ST. LOUIS (KMOX) — A former fire chief for two eastern Missouri departments is facing federal charges for allegedly taking nearly $600,000 from one of the districts.
The U.S. Attorney’s office in St. Louis says 43-year-old Eric Hinson was indicted Wednesday on one count of mail fraud and five counts of tax evasion.
Hinson is the former chief in the Franklin County town of St. Clair and the St. Louis County town of Ladue. Authorities say the crimes occurred between 2006 and September 2011, and all crimes occurred during his time in St. Clair.
According to the indictment, Hinson used the District credit cards to pay for family vacations to Hawaii and Florida, to pay for limousine rentals, tickets to Six Flags, Big Surf Water Park, and other entertainment expenses, as well as to obtain significant cash advances.
Without the knowledge and authority of the District, Hinson directed that these personal credit card charges be paid with District funds. Further, on several occasions, Hinson wrote District checks to pay for his own personal expenses, including checks to Ford Credit for a pickup truck, to Macy’s for furniture, to John Deere Credit for tractor parts, and checks to Bank of America and Fifth Third Bank for other personal expenses.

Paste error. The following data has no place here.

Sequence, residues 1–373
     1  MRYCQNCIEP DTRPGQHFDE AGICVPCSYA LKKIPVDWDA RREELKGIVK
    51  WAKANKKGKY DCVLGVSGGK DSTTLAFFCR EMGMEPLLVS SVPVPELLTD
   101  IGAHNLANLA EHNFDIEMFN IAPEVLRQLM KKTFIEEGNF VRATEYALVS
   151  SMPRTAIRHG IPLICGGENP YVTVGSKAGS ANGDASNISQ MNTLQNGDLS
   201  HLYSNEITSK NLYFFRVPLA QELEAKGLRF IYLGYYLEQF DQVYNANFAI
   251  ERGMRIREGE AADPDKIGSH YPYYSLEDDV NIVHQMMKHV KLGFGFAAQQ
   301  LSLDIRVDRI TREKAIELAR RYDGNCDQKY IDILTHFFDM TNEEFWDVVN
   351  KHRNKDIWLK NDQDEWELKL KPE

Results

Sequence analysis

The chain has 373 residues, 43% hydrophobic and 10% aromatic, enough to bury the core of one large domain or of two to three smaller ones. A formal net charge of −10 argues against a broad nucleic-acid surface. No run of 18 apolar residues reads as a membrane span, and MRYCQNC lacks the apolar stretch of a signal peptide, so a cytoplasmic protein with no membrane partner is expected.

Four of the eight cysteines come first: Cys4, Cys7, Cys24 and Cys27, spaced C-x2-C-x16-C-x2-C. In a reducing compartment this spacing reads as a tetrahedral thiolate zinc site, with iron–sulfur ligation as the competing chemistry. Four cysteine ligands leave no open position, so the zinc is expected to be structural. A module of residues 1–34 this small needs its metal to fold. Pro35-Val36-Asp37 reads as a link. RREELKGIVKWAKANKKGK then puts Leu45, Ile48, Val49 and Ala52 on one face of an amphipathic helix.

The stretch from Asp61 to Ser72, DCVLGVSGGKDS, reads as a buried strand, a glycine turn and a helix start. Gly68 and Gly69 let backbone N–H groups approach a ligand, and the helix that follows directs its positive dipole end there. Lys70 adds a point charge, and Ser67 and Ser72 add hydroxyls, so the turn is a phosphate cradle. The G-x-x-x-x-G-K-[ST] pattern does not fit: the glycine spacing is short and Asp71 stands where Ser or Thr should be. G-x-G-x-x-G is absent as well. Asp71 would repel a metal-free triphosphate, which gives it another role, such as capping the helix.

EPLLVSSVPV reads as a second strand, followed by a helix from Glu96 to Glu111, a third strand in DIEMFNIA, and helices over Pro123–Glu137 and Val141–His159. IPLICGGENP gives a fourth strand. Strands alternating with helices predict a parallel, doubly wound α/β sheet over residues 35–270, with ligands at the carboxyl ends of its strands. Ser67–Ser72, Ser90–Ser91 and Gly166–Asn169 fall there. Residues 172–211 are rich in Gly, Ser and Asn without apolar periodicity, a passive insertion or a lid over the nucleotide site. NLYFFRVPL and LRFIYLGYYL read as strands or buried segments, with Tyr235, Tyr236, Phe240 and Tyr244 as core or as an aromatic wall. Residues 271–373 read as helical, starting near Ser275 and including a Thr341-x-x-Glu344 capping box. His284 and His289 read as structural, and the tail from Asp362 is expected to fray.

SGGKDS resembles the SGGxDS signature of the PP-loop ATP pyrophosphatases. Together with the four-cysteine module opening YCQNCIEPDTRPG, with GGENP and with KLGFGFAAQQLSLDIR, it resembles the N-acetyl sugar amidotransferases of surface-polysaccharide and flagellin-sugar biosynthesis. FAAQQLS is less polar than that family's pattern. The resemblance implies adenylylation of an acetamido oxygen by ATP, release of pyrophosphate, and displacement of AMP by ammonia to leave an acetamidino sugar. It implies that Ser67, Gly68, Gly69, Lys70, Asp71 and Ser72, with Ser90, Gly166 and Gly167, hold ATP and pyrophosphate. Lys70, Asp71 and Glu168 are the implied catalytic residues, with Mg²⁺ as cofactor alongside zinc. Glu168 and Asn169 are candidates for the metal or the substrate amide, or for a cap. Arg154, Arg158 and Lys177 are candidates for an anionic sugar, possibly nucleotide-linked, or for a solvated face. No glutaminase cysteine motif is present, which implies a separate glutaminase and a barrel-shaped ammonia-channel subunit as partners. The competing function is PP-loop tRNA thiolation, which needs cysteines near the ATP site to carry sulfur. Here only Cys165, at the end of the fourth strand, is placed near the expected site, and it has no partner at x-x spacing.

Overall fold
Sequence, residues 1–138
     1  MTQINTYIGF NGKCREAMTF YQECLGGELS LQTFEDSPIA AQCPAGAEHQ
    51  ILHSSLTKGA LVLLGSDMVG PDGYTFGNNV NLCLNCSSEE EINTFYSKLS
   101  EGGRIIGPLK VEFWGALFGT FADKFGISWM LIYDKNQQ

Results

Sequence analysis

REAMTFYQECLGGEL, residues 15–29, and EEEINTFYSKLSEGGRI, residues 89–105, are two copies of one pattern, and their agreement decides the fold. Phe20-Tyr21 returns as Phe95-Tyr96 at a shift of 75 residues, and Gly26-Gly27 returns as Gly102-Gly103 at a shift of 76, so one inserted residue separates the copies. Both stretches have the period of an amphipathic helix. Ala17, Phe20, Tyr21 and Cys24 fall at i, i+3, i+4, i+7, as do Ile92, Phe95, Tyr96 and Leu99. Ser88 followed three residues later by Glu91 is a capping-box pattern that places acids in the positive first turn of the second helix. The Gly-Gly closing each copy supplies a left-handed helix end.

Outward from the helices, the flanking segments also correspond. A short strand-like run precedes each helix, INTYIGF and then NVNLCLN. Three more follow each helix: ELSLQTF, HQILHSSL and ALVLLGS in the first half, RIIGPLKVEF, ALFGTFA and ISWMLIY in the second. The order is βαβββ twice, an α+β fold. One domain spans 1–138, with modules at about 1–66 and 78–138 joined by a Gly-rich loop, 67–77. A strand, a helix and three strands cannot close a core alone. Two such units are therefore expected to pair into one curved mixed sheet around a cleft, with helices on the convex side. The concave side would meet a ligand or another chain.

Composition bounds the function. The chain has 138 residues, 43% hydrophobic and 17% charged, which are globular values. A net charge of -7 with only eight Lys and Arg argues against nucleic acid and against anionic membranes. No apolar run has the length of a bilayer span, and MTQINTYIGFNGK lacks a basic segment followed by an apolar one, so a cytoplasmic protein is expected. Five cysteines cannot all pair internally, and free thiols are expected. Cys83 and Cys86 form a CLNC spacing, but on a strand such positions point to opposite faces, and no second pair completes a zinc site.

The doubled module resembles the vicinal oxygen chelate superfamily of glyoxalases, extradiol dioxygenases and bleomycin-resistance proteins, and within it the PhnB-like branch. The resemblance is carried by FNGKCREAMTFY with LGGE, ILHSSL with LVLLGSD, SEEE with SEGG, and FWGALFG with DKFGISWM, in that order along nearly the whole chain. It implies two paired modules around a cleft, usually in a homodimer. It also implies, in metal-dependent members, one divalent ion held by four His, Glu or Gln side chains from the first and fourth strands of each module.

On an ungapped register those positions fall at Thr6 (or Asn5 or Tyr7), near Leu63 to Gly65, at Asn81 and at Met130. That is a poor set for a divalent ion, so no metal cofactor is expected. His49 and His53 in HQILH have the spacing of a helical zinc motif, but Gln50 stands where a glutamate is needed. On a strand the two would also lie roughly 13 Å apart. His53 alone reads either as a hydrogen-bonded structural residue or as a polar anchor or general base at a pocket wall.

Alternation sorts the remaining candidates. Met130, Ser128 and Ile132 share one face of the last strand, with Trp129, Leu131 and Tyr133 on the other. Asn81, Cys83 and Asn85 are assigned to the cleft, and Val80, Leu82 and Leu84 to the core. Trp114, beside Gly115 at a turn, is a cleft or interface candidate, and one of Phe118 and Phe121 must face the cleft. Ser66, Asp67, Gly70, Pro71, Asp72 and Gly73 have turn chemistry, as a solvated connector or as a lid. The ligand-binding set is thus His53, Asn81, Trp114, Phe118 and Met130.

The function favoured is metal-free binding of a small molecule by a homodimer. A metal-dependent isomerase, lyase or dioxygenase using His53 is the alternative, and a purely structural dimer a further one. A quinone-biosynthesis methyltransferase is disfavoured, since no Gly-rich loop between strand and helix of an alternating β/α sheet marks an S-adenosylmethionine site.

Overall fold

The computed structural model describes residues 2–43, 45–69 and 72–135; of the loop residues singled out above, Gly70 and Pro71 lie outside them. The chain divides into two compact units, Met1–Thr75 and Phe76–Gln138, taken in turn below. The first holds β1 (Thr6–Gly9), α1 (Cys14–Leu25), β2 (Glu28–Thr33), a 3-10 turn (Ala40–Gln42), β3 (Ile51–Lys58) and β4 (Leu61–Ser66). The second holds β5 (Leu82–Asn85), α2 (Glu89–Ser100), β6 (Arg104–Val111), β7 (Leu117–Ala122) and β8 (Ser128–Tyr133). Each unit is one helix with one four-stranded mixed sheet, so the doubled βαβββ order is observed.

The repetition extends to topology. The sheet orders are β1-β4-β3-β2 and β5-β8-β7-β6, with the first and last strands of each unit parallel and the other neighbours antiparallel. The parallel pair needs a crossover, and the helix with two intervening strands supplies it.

The indictment states that in order to conceal his scheme Hinson accessed the District’s QuickBooks to alter reported general ledger activity by backdating certain of his fraudulent transactions and by changing the payee in order to manipulate the District’s accounting records so as to hide the existence of his fraudulent transactions. Through his fraudulent conduct, Hinson obtained approximately $593,236 from the St. Clair Fire Protection District.
Additionally, the indictment alleges that Hinson filed false tax returns for five years, 2006 through 2010, under reporting his taxes during those years in a combined amount of approximately $400,000.
Hinson’s attorney blames the problems on what he called an accounting matter.
If convicted, mail fraud carries a maximum penalty of 20 years and a fine of up to $250,000; each count of tax evasion carries a maximum penalty of 5 years and a fine of up to $100,000. In determining the actual sentences, a Judge is required to consider the U.S. Sentencing Guidelines, which provide recommended sentencing ranges.
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